Associated Press Style (AP Style) is a writing style, like those of the Modern Language Association (MLA) or American Psychological Association (APA), which is used specifically for news and publication writing.
It is important for public relations professionals because they must use AP Style when writing press releases to send to journalists. AP Style provides a set of rules for all journalists and public relations professionals to go by, so the grammar and punctuation of their writing is the same across the board.
Those who plan on working in either journalism or public relations need to be well-versed in AP Style in order to get jobs and keep jobs. They will work with AP Style on a daily basis, so it is important that they are comfortable not only with AP Style, but also with using the AP Stylebook.
There are several sections in the AP Stylebook that should be flagged for easy access because they are used often. Those sections include: academic titles, addresses, composition titles, courtesy titles, datelines, legislation titles, military titles, names, numbers and numerals, religious titles, states, titles, social media, and punctuation guide.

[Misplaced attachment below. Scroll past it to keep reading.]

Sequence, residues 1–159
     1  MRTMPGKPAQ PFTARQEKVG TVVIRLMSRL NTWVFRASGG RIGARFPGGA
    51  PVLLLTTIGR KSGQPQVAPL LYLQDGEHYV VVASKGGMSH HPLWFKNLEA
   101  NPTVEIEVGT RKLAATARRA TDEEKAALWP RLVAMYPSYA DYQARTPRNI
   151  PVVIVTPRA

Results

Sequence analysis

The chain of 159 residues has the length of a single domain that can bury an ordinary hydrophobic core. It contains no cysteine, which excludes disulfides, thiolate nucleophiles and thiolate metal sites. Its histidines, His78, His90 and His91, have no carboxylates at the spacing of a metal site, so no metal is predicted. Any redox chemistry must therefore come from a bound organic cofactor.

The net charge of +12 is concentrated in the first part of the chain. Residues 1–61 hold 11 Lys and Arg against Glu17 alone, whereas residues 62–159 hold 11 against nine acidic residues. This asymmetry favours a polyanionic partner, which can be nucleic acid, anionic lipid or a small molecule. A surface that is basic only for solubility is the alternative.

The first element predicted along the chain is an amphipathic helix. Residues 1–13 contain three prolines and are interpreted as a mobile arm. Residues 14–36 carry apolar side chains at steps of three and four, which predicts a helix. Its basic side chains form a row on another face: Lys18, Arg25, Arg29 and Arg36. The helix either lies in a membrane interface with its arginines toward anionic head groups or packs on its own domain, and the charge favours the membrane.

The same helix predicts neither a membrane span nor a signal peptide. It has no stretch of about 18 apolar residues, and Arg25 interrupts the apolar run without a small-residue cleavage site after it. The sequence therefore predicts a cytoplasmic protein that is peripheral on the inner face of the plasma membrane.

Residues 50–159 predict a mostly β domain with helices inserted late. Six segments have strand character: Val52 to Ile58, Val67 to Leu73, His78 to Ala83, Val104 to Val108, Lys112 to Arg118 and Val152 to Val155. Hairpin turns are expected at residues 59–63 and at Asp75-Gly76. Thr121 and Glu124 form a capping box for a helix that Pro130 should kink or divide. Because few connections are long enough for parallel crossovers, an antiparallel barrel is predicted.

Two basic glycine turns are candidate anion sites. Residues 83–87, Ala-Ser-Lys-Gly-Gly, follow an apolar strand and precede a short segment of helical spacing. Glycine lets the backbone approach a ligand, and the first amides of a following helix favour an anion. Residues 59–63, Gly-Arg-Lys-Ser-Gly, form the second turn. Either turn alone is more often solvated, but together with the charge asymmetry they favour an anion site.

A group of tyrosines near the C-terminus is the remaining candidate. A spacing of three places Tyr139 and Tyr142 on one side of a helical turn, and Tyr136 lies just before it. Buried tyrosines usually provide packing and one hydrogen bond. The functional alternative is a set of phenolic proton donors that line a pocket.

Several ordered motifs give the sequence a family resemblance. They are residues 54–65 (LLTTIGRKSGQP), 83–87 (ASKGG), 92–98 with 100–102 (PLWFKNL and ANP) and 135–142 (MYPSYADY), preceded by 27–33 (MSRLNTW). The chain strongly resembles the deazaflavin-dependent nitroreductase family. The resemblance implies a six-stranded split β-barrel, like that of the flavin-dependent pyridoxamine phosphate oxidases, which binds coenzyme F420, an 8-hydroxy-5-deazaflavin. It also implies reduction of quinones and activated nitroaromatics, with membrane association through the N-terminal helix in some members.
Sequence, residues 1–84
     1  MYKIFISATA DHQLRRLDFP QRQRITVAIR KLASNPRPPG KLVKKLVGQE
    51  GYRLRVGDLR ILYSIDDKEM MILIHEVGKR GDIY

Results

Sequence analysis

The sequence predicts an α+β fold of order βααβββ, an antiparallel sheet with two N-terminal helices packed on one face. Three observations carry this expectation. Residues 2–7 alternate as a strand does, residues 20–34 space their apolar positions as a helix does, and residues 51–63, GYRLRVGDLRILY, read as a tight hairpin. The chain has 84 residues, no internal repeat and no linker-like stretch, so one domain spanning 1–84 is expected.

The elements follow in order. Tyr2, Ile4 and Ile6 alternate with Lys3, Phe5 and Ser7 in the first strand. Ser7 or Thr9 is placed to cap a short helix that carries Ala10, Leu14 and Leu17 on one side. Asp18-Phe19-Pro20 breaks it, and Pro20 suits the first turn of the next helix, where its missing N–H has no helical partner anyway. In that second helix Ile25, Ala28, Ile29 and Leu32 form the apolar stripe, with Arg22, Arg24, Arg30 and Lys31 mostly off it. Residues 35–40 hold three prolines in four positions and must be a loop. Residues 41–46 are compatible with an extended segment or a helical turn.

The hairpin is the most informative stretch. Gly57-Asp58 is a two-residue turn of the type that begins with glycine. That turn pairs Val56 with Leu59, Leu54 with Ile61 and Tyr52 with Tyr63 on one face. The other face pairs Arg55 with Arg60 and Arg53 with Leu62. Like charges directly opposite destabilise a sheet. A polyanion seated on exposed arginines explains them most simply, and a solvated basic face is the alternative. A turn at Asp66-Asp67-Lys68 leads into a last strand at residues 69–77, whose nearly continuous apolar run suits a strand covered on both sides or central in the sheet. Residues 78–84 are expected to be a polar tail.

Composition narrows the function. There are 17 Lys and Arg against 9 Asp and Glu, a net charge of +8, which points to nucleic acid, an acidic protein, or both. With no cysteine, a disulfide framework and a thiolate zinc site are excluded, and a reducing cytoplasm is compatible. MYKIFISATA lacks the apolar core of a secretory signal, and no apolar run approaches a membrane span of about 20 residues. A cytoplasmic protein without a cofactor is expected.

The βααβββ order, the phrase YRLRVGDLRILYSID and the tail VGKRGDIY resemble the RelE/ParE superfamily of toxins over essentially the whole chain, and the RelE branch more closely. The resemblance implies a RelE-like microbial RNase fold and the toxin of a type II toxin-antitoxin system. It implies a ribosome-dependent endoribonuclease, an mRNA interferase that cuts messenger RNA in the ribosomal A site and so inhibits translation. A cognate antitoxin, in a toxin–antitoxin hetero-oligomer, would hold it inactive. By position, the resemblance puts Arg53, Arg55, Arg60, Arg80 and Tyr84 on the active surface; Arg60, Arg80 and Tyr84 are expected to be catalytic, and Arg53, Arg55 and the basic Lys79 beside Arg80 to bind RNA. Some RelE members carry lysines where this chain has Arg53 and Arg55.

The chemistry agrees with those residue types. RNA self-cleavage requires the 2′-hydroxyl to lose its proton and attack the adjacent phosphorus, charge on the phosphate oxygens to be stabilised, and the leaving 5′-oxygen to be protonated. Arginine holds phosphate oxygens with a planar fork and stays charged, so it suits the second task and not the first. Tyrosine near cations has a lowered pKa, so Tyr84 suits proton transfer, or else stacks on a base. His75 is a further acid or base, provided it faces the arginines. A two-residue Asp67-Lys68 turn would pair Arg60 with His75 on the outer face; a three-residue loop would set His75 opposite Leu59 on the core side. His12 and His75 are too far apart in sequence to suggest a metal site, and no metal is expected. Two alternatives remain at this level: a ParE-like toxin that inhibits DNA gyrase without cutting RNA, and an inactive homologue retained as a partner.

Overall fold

The thing I struggle with the most with AP Style, as a college student, is that MLA has been engraved in my head after using it for approximately five years. I have gotten in the habit of pulling up Microsoft Word and automatically beginning to format my term papers in MLA. As a Journalism/Public Relations major, it is essential that I learn AP Style, so I’ve begun the somewhat arduous journey of learning AP Style and being able to switch back and forth between AP Style and MLA.